Thanksgiving day.



Driving a Chevy Astro van, with Missouri tags.

Pulling a trailer with Oklahoma tags.

Mom, dad, and then fiancee along for the ride.

Clueless about a loaded shot gun under the back seat.

Red flashing lights in the rear view mirror.

First speeding ticket.

I’ll never forget the embarrassment of being pulled over in front of my fiancee, or the fact that I had to walk to the cruiser and  I was barefoot and the ground was cold, or the fact that I oh, so snarkily told him to have a Happy Thanksgiving after he handed me my ticket, or the relief in my dad’s voice as he told me about the gun.

If you have, how old were you when you got your first one?


October 18

From Wikipedia…

Sweetest Day is an observance celebrated primarily in the Great Lakes region and parts of the Northeast United States on the third Saturday in October.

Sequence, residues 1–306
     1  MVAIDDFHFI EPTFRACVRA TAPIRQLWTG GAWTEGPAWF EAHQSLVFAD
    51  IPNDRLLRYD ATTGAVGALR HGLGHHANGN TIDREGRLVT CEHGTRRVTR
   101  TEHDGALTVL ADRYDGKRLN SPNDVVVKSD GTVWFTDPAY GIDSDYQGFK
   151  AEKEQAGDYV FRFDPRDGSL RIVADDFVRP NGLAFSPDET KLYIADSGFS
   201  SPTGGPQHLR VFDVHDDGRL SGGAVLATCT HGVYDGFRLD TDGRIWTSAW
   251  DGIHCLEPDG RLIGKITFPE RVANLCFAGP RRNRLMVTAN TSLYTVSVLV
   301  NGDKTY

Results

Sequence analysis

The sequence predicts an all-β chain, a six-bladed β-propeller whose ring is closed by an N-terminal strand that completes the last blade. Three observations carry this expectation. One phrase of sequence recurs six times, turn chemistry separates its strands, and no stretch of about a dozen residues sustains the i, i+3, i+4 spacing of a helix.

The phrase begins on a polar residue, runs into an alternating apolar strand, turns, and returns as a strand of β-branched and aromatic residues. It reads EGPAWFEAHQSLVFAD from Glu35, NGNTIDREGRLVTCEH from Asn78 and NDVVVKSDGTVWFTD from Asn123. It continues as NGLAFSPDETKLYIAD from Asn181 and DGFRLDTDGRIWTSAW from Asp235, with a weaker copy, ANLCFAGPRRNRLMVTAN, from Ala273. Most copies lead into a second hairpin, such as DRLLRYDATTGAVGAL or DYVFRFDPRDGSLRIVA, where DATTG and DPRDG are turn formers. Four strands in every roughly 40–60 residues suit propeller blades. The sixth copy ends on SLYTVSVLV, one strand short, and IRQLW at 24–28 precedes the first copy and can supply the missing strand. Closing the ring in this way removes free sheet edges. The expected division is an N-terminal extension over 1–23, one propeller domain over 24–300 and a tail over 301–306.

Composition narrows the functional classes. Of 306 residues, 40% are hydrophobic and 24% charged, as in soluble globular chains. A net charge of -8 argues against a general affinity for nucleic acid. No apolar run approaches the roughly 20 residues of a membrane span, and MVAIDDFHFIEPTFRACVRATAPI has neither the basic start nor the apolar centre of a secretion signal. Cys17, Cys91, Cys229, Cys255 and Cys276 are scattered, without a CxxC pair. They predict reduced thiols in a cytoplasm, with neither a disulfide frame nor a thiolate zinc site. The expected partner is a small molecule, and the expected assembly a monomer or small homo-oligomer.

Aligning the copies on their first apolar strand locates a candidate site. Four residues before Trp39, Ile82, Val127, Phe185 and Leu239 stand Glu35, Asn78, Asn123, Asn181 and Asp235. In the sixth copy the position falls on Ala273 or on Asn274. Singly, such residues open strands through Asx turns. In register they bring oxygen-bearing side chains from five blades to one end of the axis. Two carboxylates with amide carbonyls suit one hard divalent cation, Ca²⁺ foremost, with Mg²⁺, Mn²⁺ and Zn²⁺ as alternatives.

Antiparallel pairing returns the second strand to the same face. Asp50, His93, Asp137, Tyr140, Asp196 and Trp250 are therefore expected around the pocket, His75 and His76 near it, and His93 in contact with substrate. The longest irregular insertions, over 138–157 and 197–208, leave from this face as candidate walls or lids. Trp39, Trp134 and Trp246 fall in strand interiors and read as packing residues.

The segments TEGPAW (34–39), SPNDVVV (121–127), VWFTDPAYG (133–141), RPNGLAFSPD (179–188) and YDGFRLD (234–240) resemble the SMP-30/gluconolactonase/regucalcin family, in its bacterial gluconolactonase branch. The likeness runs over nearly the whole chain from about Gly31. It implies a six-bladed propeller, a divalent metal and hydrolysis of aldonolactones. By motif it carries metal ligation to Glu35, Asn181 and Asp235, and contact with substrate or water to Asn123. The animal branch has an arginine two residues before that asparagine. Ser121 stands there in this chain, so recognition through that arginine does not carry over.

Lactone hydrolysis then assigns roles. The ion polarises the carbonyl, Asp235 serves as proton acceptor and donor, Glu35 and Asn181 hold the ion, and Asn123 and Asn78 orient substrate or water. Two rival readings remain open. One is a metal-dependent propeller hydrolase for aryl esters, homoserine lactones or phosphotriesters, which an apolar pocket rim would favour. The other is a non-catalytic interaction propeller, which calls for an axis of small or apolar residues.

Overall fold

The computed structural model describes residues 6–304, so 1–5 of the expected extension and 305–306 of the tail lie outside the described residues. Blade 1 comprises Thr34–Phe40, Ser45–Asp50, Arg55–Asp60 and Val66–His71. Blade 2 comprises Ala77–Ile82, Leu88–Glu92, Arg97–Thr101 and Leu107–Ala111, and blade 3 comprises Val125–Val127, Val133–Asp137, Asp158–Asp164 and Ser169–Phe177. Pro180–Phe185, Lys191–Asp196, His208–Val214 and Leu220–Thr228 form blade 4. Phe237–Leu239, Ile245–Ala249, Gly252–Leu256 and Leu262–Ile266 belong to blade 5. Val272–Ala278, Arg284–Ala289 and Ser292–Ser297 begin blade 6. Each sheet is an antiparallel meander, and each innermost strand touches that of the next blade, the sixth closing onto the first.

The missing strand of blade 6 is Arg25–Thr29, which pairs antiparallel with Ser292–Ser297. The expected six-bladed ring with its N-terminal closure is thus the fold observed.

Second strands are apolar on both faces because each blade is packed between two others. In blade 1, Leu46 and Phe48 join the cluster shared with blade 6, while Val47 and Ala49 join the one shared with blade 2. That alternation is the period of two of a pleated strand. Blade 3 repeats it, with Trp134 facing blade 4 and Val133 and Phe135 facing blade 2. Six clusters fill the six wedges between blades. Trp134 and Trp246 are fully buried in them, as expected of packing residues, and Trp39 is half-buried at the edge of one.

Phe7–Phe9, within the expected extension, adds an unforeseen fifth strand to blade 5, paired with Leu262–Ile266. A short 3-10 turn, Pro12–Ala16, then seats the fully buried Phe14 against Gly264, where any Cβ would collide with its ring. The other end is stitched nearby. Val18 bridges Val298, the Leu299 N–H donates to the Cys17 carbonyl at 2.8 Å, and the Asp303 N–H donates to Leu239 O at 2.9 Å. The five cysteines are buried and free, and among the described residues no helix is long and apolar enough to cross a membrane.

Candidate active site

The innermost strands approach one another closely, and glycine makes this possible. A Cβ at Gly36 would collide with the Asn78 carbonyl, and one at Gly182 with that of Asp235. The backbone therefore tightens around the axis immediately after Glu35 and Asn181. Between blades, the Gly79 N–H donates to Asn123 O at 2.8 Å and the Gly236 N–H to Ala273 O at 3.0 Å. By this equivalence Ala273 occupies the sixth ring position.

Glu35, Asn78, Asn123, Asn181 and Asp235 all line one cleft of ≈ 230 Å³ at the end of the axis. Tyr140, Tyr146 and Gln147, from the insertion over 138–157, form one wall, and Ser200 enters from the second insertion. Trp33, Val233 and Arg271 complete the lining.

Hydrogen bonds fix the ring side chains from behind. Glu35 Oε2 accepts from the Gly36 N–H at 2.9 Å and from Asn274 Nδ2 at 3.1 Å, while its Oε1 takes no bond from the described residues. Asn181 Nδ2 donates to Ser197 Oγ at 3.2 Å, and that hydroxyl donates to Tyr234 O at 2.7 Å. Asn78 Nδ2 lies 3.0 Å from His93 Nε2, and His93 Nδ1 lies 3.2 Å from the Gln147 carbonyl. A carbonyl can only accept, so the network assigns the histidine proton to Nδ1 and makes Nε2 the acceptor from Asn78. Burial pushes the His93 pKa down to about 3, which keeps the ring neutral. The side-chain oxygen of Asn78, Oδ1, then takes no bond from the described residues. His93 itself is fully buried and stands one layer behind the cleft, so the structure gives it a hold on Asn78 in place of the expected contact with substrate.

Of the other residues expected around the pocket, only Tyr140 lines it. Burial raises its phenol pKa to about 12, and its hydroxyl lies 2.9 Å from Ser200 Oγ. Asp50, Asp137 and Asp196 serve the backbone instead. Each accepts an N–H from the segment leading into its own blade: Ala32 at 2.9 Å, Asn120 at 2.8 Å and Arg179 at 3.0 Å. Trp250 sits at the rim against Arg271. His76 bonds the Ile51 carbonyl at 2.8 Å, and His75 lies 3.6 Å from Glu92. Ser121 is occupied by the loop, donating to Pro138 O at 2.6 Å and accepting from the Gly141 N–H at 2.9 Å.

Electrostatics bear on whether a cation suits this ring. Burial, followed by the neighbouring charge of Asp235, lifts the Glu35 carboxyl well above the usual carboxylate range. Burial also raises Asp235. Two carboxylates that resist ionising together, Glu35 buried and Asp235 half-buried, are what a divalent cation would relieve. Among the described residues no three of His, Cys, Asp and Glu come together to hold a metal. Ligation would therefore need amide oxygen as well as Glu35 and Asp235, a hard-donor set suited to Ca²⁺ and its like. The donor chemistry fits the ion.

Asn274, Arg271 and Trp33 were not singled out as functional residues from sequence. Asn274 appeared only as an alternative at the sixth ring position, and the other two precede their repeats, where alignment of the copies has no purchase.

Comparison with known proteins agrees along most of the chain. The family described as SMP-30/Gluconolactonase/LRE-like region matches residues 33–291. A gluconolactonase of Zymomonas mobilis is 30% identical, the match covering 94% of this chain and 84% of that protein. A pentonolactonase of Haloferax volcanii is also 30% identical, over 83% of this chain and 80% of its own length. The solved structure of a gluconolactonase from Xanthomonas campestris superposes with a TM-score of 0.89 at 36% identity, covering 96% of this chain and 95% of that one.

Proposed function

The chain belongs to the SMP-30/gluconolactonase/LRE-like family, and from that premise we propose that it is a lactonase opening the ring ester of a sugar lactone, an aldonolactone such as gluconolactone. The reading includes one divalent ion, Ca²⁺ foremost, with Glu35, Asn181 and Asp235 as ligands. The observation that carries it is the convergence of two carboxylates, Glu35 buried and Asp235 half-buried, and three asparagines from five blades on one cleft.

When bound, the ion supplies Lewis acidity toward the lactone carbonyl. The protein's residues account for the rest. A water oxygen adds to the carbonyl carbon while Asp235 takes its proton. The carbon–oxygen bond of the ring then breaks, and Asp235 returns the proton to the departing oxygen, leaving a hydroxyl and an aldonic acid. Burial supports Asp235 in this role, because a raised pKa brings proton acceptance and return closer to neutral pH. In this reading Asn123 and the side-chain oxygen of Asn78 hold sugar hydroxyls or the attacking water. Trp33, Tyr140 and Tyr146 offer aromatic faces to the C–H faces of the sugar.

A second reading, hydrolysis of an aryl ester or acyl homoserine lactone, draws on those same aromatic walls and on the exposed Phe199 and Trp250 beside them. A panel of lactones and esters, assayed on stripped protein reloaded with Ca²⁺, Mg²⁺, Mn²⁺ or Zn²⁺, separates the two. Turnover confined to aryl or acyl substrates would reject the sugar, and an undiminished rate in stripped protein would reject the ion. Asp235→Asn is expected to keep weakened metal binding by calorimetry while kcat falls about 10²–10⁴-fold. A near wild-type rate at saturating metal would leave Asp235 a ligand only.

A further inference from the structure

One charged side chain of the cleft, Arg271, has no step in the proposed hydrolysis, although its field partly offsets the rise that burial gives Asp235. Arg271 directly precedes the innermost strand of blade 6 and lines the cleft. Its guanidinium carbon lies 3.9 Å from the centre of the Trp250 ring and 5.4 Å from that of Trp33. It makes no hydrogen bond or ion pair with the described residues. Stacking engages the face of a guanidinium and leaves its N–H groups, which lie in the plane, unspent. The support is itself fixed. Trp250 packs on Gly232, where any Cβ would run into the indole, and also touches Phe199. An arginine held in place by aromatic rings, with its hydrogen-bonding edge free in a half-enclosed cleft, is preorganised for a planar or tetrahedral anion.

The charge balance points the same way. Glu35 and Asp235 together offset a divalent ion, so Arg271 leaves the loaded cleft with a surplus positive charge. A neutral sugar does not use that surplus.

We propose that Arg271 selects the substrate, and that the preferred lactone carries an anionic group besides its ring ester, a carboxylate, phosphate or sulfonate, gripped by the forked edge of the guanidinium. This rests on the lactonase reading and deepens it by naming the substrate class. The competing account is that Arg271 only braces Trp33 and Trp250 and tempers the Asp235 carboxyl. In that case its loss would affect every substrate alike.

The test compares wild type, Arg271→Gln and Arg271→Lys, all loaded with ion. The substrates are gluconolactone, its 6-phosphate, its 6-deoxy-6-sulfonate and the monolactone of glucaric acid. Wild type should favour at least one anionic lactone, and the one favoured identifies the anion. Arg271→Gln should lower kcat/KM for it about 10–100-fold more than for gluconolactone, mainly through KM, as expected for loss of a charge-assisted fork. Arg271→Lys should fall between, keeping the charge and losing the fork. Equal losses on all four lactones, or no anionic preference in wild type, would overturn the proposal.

The origin of Sweetest Day is frequently attributed to candy company employee Herbert Birch Kingston as an act of philanthropy. However, Bill Lubinger, a reporter for The Plain Dealer, contends that “Dozens of Cleveland’s top candy makers concocted the promotion 84 years ago and it stuck, although it never became as widely accepted as hoped.”

The Cleveland Plain Dealer’s October 8, 1921 edition, which chronicles the first Sweetest Day in Cleveland, states that the first Sweetest Day was planned by a committee of 12 confectioners chaired by candymaker C. C. Hartzell.

I insist that the Chocolatechic house celebrate this ‘holiday’ every year, because it is another reason to celebrate chocolate.

So join me in the celebration.   Go surprise your sweetie and get them some chocolate, of course making sure that you get some too.